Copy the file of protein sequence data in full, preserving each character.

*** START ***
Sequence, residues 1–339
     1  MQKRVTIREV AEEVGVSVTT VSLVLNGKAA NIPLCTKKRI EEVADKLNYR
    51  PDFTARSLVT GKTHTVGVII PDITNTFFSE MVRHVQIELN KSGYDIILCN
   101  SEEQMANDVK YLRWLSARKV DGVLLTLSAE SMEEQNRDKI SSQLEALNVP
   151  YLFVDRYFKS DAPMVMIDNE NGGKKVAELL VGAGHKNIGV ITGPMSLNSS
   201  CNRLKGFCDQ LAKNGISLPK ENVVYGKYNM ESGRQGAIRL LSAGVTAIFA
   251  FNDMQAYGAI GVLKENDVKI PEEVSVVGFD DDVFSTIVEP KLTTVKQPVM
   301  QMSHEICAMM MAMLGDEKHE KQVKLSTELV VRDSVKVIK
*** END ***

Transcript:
Sequence, residues 1–339
     1  MQKRVTIREV AEEVGVSVTT VSLVLNGKAA NIPLCTKKRI EEVADKLNYR
    51  PDFTARSLVT GKTHTVGVII PDITNTFFSE MVRHVQIELN KSGYDIILCN
   101  SEEQMANDVK YLRWLSARKV DGVLLTLSAE SMEEQNRDKI SSQLEALNVP
   151  YLFVDRYFKS DAPMVMIDNE NGGKKVAELL VGAGHKNIGV ITGPMSLNSS
   201  CNRLKGFCDQ LAKNGISLPK ENVVYGKYNM ESGRQGAIRL LSAGVTAIFA
   251  FNDMQAYGAI GVLKENDVKI PEEVSVVGFD DDVFSTIVEP KLTTVKQPVM
   301  QMSHEICAMM MAMLGDEKHE KQVKLSTELV VRDSVKVIK